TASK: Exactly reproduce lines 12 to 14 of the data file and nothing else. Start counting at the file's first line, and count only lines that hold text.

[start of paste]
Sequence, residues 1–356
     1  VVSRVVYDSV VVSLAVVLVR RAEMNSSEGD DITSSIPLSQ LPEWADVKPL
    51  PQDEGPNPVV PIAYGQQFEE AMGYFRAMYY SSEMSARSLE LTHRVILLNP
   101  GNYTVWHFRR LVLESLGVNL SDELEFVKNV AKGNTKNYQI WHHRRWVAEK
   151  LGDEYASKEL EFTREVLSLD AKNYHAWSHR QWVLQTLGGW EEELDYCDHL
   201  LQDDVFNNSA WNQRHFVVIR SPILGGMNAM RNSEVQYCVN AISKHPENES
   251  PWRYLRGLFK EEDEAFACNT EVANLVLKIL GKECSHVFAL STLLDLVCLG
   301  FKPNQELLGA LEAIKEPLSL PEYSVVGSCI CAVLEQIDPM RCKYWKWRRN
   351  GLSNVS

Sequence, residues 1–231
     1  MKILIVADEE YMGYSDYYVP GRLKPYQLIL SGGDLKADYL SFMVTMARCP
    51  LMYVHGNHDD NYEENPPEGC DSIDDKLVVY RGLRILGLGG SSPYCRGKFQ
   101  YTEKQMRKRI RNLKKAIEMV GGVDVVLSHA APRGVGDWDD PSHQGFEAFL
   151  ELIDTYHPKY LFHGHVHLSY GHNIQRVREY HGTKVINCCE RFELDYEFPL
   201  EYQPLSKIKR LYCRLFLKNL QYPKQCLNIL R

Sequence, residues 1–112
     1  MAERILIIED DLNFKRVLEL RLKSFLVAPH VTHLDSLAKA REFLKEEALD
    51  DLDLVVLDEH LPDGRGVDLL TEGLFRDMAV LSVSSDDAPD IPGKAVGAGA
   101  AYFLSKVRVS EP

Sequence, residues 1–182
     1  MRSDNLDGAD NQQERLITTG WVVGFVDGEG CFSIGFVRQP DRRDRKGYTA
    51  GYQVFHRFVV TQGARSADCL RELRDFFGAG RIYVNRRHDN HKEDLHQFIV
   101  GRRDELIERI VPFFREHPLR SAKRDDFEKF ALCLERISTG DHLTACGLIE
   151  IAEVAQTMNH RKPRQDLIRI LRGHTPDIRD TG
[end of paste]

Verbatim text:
    51  LMYVHGNHDD NYEENPPEGC DSIDDKLVVY RGLRILGLGG SSPYCRGKFQ
   101  YTEKQMRKRI RNLKKAIEMV GGVDVVLSHA APRGVGDWDD PSHQGFEAFL
   151  ELIDTYHPKY LFHGHVHLSY GHNIQRVREY HGTKVINCCE RFELDYEFPL